a. A great place to take ski trips and entertain clients

b. Clean, homogeneous communities perfect for building a new plant and raising the kids

c. An agricultural and public-power contract paradise

11. What does "diversity" mean to your company?

a. A gateway to world markets and an essential resource for fashioning new products or services

b. A complicated and contentious issue that can be avoided by moving to Idaho

c. A critical contract-compliance requirement

12. Which best describes your view of technology?

a. Whatever's exciting that can be integrated into new or existing products or services

b. Something that comes in discrete waves and is bought when your customers demand it

c. Something produced by a public institution named with an acronym

13. What is your view of government?

a. It's irrelevant at best, a pest at worst

b. I hate regulators and taxes but love probusiness subsidies

c. It's an essential client

14. You've come up with a new product idea. To bring it to market, you would . . .

a. Start a new company, staff it with the most creative people you could find, and jointly try to find as many creative applications of your idea as possible

b. Look for investors to back your idea, or sell out to an Asian consortium

c. Write a grant proposal for a feasibility study

15. Whom do you most admire?

a. Bill Gates and Steven Spielberg

b. Rush Limbaugh, Bill Bennett, and Newt Gingrich

c. Bruce Babbitt, Mario Cuomo, and Ben & Jerry's

16. Which organizations would you most like to run?

a. Amgen and Silicon Graphics

b. Allstate and General Electric

c. Con Edison, Lockheed, and Harvard

17. What's more attractive?

a. Getting a piece of the action on a new deal

b. Boosting margins from 4% to 5% (or maybe 5.14% if South Carolina is serious about that tax break)

c. A check imprinted with the words "State of" or signed by the Secretary of the Treasury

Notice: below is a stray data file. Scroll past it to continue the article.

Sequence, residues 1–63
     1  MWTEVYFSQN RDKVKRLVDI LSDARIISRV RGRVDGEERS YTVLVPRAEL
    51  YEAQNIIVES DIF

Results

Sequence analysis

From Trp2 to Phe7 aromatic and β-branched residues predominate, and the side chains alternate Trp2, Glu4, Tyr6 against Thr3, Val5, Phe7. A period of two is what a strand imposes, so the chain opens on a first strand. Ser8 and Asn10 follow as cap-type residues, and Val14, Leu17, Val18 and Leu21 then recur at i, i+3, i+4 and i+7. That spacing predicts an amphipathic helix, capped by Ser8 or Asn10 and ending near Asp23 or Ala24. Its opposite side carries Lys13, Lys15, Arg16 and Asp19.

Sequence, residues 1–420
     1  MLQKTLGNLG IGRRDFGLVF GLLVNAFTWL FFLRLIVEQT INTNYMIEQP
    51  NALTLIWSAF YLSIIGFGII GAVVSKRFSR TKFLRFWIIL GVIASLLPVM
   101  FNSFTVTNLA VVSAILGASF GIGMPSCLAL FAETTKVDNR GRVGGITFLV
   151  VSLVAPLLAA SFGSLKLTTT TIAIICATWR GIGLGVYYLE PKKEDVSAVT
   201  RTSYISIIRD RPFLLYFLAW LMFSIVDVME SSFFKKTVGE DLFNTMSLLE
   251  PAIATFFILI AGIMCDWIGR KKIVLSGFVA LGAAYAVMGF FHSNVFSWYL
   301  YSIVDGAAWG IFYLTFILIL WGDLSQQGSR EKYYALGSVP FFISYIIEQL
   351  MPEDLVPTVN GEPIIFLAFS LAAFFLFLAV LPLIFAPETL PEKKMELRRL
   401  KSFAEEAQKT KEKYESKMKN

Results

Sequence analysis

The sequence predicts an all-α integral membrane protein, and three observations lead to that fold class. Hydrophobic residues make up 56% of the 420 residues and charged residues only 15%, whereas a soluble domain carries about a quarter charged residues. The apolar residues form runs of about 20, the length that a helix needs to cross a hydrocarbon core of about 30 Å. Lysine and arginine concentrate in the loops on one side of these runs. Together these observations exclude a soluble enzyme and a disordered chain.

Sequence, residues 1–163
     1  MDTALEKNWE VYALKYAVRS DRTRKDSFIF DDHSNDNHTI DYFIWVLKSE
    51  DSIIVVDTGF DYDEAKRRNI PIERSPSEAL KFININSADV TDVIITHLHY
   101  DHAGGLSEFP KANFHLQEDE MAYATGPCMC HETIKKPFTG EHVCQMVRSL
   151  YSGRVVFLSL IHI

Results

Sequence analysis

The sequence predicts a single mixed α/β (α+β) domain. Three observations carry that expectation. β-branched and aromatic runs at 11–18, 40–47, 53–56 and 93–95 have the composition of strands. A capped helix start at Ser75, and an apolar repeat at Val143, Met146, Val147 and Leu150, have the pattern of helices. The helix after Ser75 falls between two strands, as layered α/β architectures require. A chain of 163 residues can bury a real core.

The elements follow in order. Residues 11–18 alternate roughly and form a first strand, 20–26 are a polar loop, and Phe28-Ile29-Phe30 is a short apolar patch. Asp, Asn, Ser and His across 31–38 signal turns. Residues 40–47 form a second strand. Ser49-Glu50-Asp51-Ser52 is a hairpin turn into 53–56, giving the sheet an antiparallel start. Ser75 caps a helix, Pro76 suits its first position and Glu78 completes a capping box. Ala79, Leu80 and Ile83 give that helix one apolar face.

18. What's your view of business conferences?

a. I don't know -- I don't have time to attend them

b. They're a great place to complain about regulations and taxes and recruit new businesses to the region

c. They're something at which overhead slides, government officials, and university professors are all but mandatory

19. How do you feel about higher education?

a. It's boring and slow -- and you'll need to retrain all but the brightest graduates for business realities

b. It's neosocialist except where local officials subsidize training programs for your industry

c. It's a source for key members of your board or project-team leaders

20. Which best describes where you'd like to be in 20 years?

a. The respected founder of a major new industry

b. Fishing in Utah

c. Chair of a national technology-policy commission


Give yourself 0 points for each A, 5 points for each B, and 10 points for each C response.

0-40: You're a solid member of the Networked economy.

41-80: Your company has many characteristics in common with Networked companies, but you're also tending toward the low-skill, low-wage Provincial-economy model.

81-120: You're a solid member of the Provincial economy. Expect increasing wage and price pressures not just from businesses in other Provincial regions but from low-skill, low-wage launching platforms throughout the world.

121-160: You're midway between the Provincial and Kluge economies -- hardly a happy mix for the 21st century, with global price competition increasing and the public sector shrinking.

161-200: Your company is a core Kluge-economy participant. You're probably in more trouble than an endangered species.